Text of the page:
Tuesday, July 7, 2015

time to saddle up and ship out

Good grief, it's been nearly six months! Again! And it's been six months without lifting a wrench in anger. Here's the story: A few days after we dropped in the engine, it was time to move house again, and part of that was packing up the garage. This was a task that took quite a while. As well as crating up all the tools and parts I had to take down all the shelves and empty out the benches and drawers ready for transport.

My high school buddy Martin was in town the day we moved the car to its new home. The tires could have done with some air, but otherwise it was straight forward thanks to Mark at Junebugs.

Moving all this was much tougher....

With a new house to organize, not much happened in the garage for quite a while after the move. I eventually got the work space organized in June 2015.

Scene of much work I hope...
A week later it was finally time to work on the car again. Started by installing the radiator.

Installed and torqued down the aluminum intake manifold....

....and popped on the water pump.

To be continued.....

Sunday, February 8, 2015

mounting the motor

If you remember, I put the 351W back together over the summer (with a lot of help from my buddy Chuck!), but we stopped short of adding the intake manifold and valve covers.

By November these parts were still not installed, but we were ready to install the engine in the car regardless. The main driving force for this was that once again it was time to move garage (and house) and I wanted the powertrain back in before the transfer. A few weeks before the install I acquired a pair of 351W motor mounts from my buddies at Mostly Mustangs and tested the fit with the zinc plated mounting bolts that came with the six cylinder setup.

The lower mounts were attached finger-tight to the cross-member, and the upper brackets were bolted to the engine block according to the detailed instructions from Rich at Mostly Mustangs. Incidentally, on Rich's advice I also enlarged the holes in the upper brackets by about 1/16th of an inch in order to make attaching the engine a little bit easier - this really helped.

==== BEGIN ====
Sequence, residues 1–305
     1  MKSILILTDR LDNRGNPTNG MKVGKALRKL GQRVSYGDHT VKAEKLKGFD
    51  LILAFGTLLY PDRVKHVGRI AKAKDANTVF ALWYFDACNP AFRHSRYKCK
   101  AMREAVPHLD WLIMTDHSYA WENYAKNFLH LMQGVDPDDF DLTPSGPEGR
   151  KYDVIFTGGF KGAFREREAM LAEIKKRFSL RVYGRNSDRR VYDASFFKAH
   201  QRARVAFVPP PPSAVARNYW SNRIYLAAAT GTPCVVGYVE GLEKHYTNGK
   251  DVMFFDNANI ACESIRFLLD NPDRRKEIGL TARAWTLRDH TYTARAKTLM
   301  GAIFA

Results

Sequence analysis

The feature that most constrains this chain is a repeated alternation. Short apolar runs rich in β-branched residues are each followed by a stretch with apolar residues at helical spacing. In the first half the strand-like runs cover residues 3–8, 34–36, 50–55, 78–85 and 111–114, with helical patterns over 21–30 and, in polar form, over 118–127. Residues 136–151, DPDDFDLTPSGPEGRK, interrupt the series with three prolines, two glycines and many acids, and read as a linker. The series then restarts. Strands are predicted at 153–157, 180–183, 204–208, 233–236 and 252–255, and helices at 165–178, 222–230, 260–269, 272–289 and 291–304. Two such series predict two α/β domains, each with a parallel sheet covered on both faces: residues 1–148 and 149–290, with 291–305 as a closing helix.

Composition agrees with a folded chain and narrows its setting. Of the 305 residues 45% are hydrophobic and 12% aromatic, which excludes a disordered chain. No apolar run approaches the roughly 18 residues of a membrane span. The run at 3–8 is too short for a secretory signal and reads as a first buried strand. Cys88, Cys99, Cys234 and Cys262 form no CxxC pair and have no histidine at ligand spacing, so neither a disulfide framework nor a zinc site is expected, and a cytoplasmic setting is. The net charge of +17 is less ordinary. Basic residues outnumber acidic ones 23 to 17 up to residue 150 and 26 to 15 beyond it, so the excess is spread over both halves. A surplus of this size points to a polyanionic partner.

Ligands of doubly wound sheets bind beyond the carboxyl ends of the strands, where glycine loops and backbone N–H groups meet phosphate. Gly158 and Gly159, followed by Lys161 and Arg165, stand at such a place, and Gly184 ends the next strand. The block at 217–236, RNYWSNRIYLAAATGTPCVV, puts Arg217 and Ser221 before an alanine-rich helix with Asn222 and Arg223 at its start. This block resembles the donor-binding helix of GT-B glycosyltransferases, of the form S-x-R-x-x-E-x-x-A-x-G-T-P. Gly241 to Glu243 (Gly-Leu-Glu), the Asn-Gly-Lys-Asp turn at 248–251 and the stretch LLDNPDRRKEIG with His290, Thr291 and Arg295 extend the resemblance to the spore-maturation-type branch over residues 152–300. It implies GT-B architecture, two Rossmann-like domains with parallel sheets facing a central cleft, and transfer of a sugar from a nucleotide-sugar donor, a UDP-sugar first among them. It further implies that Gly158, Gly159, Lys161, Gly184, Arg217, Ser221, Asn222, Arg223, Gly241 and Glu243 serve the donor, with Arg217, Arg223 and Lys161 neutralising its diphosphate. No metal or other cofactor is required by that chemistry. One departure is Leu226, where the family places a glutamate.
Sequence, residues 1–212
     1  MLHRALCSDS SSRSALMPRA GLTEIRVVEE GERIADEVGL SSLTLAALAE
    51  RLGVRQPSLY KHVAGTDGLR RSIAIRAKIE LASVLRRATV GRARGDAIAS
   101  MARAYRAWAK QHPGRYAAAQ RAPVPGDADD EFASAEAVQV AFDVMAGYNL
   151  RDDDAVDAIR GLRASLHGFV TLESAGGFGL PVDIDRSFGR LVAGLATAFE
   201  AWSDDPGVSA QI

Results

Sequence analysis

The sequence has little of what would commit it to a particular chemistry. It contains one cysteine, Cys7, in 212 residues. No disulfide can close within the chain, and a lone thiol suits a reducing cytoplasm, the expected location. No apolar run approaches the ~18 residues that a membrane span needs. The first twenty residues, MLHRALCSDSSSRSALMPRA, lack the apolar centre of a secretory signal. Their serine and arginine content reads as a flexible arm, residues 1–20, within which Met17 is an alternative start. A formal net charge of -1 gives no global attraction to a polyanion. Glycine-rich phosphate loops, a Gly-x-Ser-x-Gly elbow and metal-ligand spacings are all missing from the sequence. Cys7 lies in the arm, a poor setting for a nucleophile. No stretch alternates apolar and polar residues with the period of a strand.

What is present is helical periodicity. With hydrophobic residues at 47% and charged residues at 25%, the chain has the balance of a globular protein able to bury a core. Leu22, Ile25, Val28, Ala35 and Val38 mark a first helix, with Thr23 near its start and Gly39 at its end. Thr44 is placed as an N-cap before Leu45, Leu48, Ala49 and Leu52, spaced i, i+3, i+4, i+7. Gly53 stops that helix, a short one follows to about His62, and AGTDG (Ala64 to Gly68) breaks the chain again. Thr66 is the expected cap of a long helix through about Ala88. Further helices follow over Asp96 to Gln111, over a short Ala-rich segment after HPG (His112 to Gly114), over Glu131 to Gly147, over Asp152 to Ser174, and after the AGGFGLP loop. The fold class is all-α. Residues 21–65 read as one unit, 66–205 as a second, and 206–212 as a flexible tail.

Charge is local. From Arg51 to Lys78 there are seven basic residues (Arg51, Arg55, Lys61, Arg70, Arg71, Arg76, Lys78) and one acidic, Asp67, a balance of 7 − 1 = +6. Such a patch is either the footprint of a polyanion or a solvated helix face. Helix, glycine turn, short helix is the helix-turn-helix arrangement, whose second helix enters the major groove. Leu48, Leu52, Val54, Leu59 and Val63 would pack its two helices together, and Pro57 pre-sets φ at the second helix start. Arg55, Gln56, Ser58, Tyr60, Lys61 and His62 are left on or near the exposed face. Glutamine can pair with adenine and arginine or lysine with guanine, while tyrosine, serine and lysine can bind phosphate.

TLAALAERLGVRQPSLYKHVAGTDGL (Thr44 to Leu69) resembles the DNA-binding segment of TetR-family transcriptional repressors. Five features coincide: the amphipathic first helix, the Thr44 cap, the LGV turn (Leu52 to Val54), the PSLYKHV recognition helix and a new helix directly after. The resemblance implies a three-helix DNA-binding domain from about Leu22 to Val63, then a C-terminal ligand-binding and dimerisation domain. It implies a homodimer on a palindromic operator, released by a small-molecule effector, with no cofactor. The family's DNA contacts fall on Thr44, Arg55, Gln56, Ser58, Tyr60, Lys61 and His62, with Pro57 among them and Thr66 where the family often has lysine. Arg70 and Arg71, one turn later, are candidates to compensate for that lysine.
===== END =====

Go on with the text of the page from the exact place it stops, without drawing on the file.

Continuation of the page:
The folks at Mostly Mustangs also sorted me out with an appropriate block plate which will replace the six cylinder version. I cleaned up the plate using the previously well-rehearsed wire wheel method.

A couple of weeks went by before the BIG day, and then we got off to a slow start when we had to chase around half of Oakland looking for a cam plug. We also had to take a detour to Chuck's shop to pick up some clutch bolts and an alignment tool (I think the original bolts disappeared with the I6). After that it was straight into the assembly, and I (mostly) forgot to take progress photos. The now-shinny block plate and my high performance flywheel were cake to install and so was the clutch. Incidentally, the clutch was donated by my BAMA buddy James, the same person that was responsible for this project getting off the ground*.

Next we broke out the Tremec T5 that I bought from Chuck about three years ago. I don't think either of us every imagined it would take this long to install it.

Attaching the transmission was actually a real pain, even with a clutch alignment tool. We tried to do it with the engine on the hoist, but in the end we had to lower the block down onto a pallet and slide the transmission and bell housing on that way. We had a minor crisis at this point when we lost one of the bell housing bolts. Fortunately, after my team of four searched every inch of the garage several times, the bolt was discovered in my back pocket. Phew!

Plenty of room in there!

Thanks to Chuck, John and Amy for helping with the install and to Amy for taking photos and somehow attaching the transmission cross-member.

(*It's actually a bit harsh to blame this project on James).

Sunday, January 25, 2015

putting the brakes on